G. D. (Garry) Abson’s first book is a cracking crime novel, set in contemporary St Petersburg and shaped around the character of a maverick female detective, Natalya Ivanova.
In Abson’s portrayal of Russia, for ‘maverick’, read ‘not corrupt’. Ivanova’s efforts to solve crime —in this case the disappearance of a young woman— are hindered as much by obstructive, careerist, regime-loyal colleagues as they are by the normal stuff such as lack of evidence and the deceptive nature of the criminal class.
One strap-line we have seen used for Motherland goes like this.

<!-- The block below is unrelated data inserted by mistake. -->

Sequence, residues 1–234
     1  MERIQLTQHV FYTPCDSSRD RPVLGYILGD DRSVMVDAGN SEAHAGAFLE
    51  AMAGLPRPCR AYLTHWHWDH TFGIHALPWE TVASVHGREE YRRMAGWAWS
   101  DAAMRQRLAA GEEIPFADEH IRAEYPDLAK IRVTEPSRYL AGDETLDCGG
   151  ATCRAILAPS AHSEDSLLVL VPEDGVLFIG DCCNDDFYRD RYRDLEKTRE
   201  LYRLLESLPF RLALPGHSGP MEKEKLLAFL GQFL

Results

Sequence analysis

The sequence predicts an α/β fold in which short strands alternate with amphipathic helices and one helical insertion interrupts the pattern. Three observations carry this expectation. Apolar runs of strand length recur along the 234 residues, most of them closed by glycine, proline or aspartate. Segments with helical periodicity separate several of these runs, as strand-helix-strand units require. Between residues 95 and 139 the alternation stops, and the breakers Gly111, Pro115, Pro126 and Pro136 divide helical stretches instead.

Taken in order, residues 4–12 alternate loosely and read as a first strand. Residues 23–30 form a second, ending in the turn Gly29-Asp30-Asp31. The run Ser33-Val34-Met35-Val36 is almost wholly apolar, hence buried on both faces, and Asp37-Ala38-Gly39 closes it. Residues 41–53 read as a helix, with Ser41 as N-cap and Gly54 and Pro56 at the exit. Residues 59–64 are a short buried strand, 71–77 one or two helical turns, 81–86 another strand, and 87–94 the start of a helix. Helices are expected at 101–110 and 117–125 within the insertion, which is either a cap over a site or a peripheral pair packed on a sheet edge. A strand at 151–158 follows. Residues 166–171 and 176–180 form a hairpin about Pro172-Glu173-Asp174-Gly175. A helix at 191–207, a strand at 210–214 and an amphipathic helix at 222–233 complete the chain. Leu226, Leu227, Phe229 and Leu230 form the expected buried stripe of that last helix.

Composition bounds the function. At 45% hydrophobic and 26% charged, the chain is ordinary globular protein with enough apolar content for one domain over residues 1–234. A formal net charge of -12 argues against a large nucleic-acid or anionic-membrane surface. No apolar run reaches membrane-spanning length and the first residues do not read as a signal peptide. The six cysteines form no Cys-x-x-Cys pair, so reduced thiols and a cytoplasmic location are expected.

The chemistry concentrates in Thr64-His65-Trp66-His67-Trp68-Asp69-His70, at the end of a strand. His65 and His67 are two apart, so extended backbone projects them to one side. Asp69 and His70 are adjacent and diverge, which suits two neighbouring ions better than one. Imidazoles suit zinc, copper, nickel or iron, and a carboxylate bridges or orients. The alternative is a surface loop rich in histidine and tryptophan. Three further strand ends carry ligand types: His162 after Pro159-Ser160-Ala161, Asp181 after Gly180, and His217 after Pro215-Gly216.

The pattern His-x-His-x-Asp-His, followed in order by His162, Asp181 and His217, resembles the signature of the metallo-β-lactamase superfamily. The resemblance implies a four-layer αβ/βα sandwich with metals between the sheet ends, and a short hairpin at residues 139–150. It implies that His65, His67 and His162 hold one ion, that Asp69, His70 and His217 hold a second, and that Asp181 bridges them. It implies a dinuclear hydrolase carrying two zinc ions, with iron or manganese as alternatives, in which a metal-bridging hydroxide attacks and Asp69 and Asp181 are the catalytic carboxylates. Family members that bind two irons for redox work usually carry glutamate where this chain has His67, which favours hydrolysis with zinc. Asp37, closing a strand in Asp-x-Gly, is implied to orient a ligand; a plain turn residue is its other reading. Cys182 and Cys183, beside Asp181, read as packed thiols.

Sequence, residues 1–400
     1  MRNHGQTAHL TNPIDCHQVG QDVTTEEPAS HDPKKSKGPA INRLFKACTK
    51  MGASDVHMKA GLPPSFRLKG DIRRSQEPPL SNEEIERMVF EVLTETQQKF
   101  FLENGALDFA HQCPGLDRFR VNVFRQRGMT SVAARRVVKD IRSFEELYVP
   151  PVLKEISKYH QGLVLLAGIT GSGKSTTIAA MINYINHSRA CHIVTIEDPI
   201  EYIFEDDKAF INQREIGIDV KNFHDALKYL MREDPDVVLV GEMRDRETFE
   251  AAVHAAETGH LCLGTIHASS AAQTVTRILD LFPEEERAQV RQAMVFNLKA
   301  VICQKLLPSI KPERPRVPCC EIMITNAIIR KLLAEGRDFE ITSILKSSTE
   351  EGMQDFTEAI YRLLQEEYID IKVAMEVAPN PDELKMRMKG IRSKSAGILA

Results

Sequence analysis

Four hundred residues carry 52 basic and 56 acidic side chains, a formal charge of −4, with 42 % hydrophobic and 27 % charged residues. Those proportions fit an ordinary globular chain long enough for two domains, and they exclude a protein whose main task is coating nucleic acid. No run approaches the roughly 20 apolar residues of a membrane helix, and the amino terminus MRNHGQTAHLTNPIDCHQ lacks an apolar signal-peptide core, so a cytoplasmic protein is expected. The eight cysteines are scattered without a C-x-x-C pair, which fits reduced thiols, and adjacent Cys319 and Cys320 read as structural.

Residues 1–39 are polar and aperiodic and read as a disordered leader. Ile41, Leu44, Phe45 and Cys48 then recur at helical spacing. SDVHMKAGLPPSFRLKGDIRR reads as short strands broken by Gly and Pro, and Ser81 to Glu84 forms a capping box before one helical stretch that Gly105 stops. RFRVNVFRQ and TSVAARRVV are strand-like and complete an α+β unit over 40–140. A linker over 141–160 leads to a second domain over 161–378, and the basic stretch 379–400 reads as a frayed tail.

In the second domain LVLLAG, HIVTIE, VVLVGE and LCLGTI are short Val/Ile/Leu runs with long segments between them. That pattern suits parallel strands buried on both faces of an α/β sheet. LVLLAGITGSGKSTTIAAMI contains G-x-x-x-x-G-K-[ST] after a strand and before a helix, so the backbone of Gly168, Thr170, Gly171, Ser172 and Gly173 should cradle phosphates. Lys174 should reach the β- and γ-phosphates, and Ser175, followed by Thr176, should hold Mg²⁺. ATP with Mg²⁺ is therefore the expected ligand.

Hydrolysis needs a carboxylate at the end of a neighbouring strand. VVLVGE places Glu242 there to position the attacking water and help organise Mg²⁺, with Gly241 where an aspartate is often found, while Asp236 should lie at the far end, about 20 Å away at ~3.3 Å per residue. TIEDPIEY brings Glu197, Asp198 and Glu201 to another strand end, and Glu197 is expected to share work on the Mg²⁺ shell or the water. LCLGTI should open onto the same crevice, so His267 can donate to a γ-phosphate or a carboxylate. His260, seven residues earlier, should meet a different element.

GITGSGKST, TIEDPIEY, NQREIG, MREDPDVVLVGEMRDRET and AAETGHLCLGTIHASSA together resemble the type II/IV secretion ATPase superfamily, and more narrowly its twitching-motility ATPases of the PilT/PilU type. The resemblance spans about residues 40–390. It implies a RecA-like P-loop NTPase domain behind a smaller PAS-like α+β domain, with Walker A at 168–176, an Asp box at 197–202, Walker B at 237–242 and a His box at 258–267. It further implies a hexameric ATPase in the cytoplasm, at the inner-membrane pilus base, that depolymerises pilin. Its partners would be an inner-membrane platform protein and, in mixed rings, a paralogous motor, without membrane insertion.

In 1989, when Communist governments were thrown out of the power that they had usurped across Eastern Europe, the geo-political certainties of decades went with them. Almost overnight, multiple possible paths forward opened up; and fiction writers mapped them as much as did scholars, journalists and policy professionals.
John Hands’s Perestroika Christi was published in 1990. In that in-between bit during the collapse of Communism. Soviet control over the Central and East European satellite states had been lost, Germany was re-uniting —but what of the Soviet Union itself?